Getting small databases like Access and Excel under control

Getting small databases like Access and Excel under control

One of the most difficult tasks I have seen my customers grapple with as I advise them on technology strategy for their information management needs is how to get a handle on those pesky Microsoft Access and Excel “files”. While we tend to treat these “documents” as simple file management problems they are far more than that: they are real applications and they are real databases with complete enterprise architecture impacts. I remember at one of my clients when were doing analysis of HIPAA privacy concerns related to patient information we calculated over a thousand MS Access and Excel “files” with health data that needed to be protected.

What can be done to rope in these real (small but important) databases and get them under control? First, we need to figure out why people use Access and Excel. Well, that’s simple: with those tools users are in control, they don’t need permission from the CIO to create a new app or database, they can connect to external databases, and most importantly they get their job done. Now, if you can give them those same capabilities but in a centralized manner, would your users use it and let you manage, secure, catalog, backup, and protect the data? The answer is: probably not immediate-term, but certainly yes in the medium- and long-term if you can setup appropriate policies.

So, how do you give your users those features? Well, a new class of end-user-friendly application-creators are hitting the market. There are enterprise-hosted systems like Caspio and Internet-hosted systems like Zoho Creator. Zoho Creator is currently more feature rich than Caspio but Caspio is pretty user friendly and can be installed behind your firewalls and the data goes into your own (SQL Server) databases instead of sitting on the Internet. I’ve spoken to the folks at Zoho Creator and they said they are working on an enterprise-hostable system that should be ready soon as well.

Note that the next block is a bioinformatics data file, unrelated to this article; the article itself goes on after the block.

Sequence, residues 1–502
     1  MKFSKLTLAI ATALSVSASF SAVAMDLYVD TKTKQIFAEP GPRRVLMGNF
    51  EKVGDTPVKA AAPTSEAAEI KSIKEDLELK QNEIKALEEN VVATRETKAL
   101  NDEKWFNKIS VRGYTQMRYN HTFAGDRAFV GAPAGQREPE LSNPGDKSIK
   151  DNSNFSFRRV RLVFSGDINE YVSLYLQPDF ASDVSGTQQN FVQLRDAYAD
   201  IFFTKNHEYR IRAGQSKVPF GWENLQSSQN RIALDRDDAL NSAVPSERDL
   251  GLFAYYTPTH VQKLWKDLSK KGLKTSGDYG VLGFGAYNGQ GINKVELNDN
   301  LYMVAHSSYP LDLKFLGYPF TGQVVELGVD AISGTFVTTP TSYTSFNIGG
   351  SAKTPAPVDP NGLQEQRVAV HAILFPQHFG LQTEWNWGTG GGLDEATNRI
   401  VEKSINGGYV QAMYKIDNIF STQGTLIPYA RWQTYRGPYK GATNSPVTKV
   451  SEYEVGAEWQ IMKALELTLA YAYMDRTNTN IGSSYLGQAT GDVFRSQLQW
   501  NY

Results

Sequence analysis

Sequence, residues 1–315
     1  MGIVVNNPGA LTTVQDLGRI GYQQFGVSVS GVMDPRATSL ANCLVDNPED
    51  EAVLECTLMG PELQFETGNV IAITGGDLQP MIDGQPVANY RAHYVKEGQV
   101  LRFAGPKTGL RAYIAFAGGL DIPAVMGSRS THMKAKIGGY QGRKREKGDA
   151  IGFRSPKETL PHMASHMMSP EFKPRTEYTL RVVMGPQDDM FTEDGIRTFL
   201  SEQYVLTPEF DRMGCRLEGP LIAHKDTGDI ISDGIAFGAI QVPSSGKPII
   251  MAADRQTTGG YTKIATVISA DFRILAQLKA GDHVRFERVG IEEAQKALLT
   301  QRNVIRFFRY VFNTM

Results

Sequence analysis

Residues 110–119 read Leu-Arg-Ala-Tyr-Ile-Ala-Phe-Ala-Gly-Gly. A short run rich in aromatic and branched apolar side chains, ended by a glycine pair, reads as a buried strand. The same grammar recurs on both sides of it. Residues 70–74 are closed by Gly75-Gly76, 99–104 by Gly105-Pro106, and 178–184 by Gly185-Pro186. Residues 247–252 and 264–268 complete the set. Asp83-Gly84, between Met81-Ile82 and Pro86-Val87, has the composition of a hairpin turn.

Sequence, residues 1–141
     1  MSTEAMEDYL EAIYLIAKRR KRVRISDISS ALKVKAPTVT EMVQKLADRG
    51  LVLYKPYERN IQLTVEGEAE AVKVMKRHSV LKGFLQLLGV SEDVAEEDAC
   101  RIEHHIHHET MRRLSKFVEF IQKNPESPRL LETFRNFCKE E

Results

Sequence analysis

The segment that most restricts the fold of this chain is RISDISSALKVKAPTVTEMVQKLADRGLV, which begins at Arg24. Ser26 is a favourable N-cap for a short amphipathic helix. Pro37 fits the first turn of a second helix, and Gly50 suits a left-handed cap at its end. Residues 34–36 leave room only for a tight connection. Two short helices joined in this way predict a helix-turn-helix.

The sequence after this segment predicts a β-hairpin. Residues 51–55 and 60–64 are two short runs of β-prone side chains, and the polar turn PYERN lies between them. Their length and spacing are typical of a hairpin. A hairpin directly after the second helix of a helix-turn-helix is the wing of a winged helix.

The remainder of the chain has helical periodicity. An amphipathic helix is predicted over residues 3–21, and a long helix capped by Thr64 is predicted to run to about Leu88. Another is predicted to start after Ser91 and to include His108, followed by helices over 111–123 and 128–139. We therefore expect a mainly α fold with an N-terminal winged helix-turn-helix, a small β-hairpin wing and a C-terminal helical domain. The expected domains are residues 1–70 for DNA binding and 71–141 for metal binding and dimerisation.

By setting up a server or service and training your users to use the new tools instead of Access and Excel, they can:

  • Create applications from scratch
    • Create applications using templates that other users (or you) can create for them
      • Create applications by importing existing spreadsheets or databases
        • Share applications with their colleagues and clients without sending secure data via email
          • Get email notifications when records are added/updated but only notifications (not the data) is sent across mail
            • Export data in formats that be analyzed in Excel or Access

            Here’s what you get out of systems like these:

          • Manage the tool and the database server and all your data is in one place instead of strewn across hundreds of spreadsheets and little databases files

          • Secure the data and protect health information centrally

          • Look at the kinds of applications users are creating and learn from the requirements they’re fulfilling themselves to see if your group should be doing that work instead of users creating custom apps

Shahid N. Shah

Shahid N. Shah

Shahid Shah is an internationally recognized enterprise software guru that specializes in digital health with an emphasis on e-health, EHR/EMR, big data, iOT, data interoperability, med device connectivity, and bioinformatics.

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